/Erosion of the International Law and Human Rights – Kritika Shekhawat

Erosion of the International Law and Human Rights – Kritika Shekhawat

Kritika Shekhawat
Jaipur, Rajasthan – INDIA

The havoc of World War II induced the nations to unite in order to uphold human rights. In 1948, the international community formally committed itself to worldwide protection of human rights by the adoption of Universal Declaration of Human Rights in the United Nations General Assembly. In more than six decades of its existence, the UDHR has shielded human rights but the violations in the last decade are growing at an alarming rate as has been refl ected by various reports published by Amnesty International[1], The World Justice Project[2]. The Rule of Law Index, 2019 reports a signifi cant diminishing of human rights in more than two-thirds of the 113 countries surveyed. Various rights ensured to people including right to life, liberty and security of person[3] are threatened time and again by the recurring armed confl icts. Globalisation has also added to the slow erosion of human rights as nations are now constantly at war due to innumerable reasons.

Dr. Justice A.S. Anand, Chairperson of the National Human Rights Commission, India stated that the cult of terrorism has been continuously striking at the very root of human rights of innocent people and the ruthless, barbaric and inhumane killing of innocent people are being carried out with a view not only to challenge the authority of the Government but to pose formidable challenge to the enjoyment of human rights[4]. Threatening of political and civil rights includes a massive danger to the right to education. All human rights are interrelated and interdependent; the enjoyment of one particular human right relies on the enjoyment of other right(s). This means that the right to education is necessary for the realization of various other human rights, such as the right to work, rights to freedom of expression and of association, and to access health services.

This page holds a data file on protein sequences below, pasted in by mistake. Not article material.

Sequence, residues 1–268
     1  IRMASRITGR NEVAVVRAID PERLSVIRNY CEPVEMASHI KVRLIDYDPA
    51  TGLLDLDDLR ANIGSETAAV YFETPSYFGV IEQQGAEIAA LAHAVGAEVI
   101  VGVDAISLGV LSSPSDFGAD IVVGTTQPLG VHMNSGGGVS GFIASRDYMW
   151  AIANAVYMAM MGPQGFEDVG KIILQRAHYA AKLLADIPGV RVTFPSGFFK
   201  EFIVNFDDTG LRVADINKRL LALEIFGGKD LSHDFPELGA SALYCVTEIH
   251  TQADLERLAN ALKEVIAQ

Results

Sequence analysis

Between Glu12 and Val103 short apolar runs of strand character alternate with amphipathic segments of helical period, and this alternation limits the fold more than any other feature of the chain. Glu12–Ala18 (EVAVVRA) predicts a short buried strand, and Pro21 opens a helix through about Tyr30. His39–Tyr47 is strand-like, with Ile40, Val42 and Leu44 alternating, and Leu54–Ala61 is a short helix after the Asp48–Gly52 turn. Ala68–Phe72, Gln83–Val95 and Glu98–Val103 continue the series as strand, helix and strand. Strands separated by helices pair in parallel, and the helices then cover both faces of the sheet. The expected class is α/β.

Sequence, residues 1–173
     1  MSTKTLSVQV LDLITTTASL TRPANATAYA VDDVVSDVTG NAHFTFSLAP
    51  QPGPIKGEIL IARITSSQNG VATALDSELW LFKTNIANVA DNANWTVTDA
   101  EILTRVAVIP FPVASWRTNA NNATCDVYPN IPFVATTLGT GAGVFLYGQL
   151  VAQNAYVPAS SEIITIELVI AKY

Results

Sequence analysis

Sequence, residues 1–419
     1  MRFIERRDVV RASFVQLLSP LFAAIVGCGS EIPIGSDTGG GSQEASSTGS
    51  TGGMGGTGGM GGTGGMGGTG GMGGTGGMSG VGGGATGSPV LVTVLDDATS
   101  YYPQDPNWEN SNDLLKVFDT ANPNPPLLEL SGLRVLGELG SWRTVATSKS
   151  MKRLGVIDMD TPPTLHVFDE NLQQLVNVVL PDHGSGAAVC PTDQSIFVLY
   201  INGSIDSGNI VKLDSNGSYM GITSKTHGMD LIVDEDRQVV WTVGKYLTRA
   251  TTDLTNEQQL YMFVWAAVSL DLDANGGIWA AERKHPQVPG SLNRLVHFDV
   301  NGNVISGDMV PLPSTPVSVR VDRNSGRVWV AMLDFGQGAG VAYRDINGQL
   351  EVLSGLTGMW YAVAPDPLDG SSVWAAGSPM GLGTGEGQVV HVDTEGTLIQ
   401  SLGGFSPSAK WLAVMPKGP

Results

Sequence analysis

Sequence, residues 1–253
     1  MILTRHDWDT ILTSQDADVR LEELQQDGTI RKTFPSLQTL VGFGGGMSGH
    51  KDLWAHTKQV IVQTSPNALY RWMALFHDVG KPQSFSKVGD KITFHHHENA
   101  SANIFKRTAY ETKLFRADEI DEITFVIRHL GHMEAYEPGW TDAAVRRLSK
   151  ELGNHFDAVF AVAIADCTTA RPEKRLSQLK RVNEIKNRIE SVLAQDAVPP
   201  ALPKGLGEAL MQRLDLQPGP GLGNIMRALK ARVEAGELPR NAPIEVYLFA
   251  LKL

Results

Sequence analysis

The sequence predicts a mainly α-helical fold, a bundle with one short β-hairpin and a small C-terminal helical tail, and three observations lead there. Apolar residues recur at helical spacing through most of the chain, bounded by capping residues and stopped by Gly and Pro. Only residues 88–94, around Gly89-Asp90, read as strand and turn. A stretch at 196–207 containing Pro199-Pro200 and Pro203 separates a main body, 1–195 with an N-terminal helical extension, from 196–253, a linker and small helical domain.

Global reports suggest that schools have constantly been the epicentre of various human rights violations and have also become a breeding ground for insurgency. Millions of children living in countries which are at a constant state of internal confl ict or external aggression such as in the Central African Republic, Nigeria, and South Sudan have had their education constantly jeopardized. Many are drawn into fighting as soldiers or forced to support armed groups[5].

Attacks on schools are one of the most easily quantifi able ways of gauging the effect of a confl ict on education. During 2001, for instance, Israeli soldiers shot at nearly 100 schools in the Occupied Territories, using rubber bullets, live ammunition and tear gas. Another 71 schools came under attack through tank shelling or rockets fired from helicopters (DCI, 2002). In East Timor, the violence of September 1999 destroyed between 80% and 90% of school buildings and related infrastructure (UNDP, 2002).[6] Human Rights Watch documented over 126 attacks and armed threats against education professionals, students and schools in the year 2019. In Jammu and Kashmir, India in the year 2016, within 3 months 26 schools were under attack thus affecting over 4000 children.[7] Children living in countries at war have come under direct attack, have been used as human shields, killed, maimed or recruited to fi ght. Rape, forced marriage and abduction have become standard tactics in conflicts from Syria to Yemen, and from the Democratic Republic of the Congo to Nigeria, South Sudan and Myanmar.[8] The groups have killed, beaten, abducted, and threatened education